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No, Qatar is not behind the coronavirus

Saudi medical staff carry out tests on people entering the Kingdom via a land border. (Saudi Health Ministry)
Saudi medical staff carry out tests on people entering the Kingdom via a land border. (Saudi Health Ministry)
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06 Mar 2020 03:03:12 GMT9
06 Mar 2020 03:03:12 GMT9

Anyone who is familiar with my columns in this newspaper knows very well that I am not a fan of the Qatari leadership. Nor am I a fan of its foreign policy, of its support for terrorist groups, or even of how it deals with its own people. You may have read detailed and exhaustive reports that we have written about how Qatar stripped citizenship from nearly 6,000 members of the country’s Al-Ghufran tribe. The tribe has been forced out of the country and up to the present, they are still fighting for their natural and legal rights.

Qatar’s support of terror groups is too well documented to be undeniable. There is plenty of evidence to prove beyond any reasonable doubt that the Qatari regime is guilty of harboring, supporting, and financing terrorists. The evidence is available on UN and US terror watch lists. Some of the worst terrorists are based in Qatar and are wanted by both the UN and the US.

Qatar is guilty of meddling in its neighbors’ internal affairs. There are audio recordings of its former sheikh, Hamad bin Khalifa Al-Thani, speaking to the Libyan madman, Muammar Qaddafi, and plotting against the Saudi leadership. In one recording, Hamad bin Jassim Al-Thani, former prime minister and foreign affairs minister, says that in 12 years Saudi Arabia will no longer exist, but will be divided into small states. “The region will be facing a volcano. Saudi Arabia will be facing a revolution,” he said. For his part, Hamad bin Khalifa, the father of the current emir, admitted that Qatar had caused a great deal of trouble to the Kingdom, and said the Saudi government would not remain the same and would certainly end. In addition, he further said the Americans had succeeded in Iraq and the second step would be in Saudi Arabia. He described Egypt and Jordan as two countries lacking dignity because they coordinated their actions with Saudi Arabia’s.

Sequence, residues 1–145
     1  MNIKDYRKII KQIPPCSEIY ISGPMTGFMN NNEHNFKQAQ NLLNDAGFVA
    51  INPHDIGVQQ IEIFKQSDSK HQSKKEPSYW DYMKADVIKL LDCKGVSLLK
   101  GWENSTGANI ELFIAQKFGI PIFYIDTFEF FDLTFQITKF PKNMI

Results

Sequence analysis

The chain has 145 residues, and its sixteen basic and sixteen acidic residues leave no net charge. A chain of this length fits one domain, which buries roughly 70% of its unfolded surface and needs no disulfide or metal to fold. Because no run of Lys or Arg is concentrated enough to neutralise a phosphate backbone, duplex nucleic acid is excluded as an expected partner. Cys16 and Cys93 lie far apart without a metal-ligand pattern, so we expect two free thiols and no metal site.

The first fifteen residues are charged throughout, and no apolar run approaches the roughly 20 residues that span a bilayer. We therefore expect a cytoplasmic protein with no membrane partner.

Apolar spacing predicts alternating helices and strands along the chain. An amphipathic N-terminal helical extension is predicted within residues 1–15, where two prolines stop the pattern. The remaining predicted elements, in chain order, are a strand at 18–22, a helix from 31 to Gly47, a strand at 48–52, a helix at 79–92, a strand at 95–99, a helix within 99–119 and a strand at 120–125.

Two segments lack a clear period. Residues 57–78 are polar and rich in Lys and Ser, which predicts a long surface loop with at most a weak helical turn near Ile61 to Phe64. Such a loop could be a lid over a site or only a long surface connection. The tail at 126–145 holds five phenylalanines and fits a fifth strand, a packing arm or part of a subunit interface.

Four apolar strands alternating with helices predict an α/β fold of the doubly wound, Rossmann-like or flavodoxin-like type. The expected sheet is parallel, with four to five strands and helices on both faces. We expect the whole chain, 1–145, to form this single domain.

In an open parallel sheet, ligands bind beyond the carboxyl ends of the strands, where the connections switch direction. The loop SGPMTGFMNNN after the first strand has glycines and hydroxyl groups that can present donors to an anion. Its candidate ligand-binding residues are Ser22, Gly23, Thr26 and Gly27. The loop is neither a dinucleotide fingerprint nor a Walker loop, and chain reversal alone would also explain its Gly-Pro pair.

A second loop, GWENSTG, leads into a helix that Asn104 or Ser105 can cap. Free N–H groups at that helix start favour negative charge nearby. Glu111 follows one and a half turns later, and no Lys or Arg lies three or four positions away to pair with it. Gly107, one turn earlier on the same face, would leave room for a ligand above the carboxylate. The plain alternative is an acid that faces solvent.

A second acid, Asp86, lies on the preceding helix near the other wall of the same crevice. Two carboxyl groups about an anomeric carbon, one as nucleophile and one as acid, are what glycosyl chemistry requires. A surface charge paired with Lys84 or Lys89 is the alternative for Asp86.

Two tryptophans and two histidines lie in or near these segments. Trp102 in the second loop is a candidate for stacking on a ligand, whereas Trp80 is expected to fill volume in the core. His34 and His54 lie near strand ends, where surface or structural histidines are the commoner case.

These baseless accusations have helped Qatar seem to be the victim when everybody familiar with the facts knows that it is the villain.

Faisal J. Abbas

Qatar is guilty of all these things — and perhaps others as well. That said, the country is definitely not guilty of planting or spreading the coronavirus which is what a Saudi newspaper columnist — seriously or sarcastically — alleged recently on her Twitter account, adding that Doha’s plan was to plant the virus in China so that it could ultimately prevent Saudi Arabia from reaping the rewards of its reform plans and stop Dubai’s planned Expo 2020 from happening.

Understandably, her tweet has sparked controversy and criticism with some of the respondents wondering if Qatar were indeed behind this plot, it would have been much easier for the tiny Gulf country to plant the virus directly in neighboring Saudi Arabia.

But whether the Saudi newspaper columnist meant what she said or not, the fact remains that such irrational comments made by some commentators and pundits belonging to the countries of the Anti-Terror Quartet have had a negative impact on how this conflict is perceived. These baseless accusations and deviations from the origins of the rift have helped Qatar seem to be the victim when everybody familiar with the facts knows that it is absolutely the villain.

Furthermore, such absurdities are as bad as the increased racism we have seen against Asians around the world — whether in Arab countries or in Europe. The images broadcast of Japanese, Chinese, Singaporean, and Korean citizens being punched and abused in London, Lebanon or Ramallah — or anywhere else —  are very disturbing. Recently, a video surfaced on social media in which a Palestinian woman in Ramallah is seen berating two Japanese relief workers. The woman took pictures of them and called them “Corona, Corona.” The Japanese Embassy has said it will investigate the case and it acknowledged at least 10 similar incidents involving Japanese citizens. This is both sad and lamentable.

Such incidents have obscured the fact that in such crises, we also see beautiful moments of solidarity. We see people standing together with the best coming out: Nurses dancing in joy at having helped a patient, or Saudi Arabia sending aid to China, or the UAE opening its medical city to people from friendly countries being brought back from China, and even sending aid to Iran — which still occupies three Emirati-owned islands.

Saudi Arabia was among the first countries to order the King Salman Center for Relief and Humanitarian Action to aid China in its fight against the coronavirus. Riyadh’s support has been warmly acknowledged by China’s ambassador to Saudi Arabia, Li Huaxin, who recalled Saudi Crown Prince Mohammed bin Salman’s visit to Beijing last year and how it signaled a new era in relations between the two countries.

During this time of great turbulence and crisis, we must stand together more than ever and ignore our differences. After all, pandemics — like terrorism — target every single human being. They make no distinctions, whether of color, religion or race.

Faisal J. Abbas is Editor in Chief of Arab News. Twitter: @FaisalJAbbas

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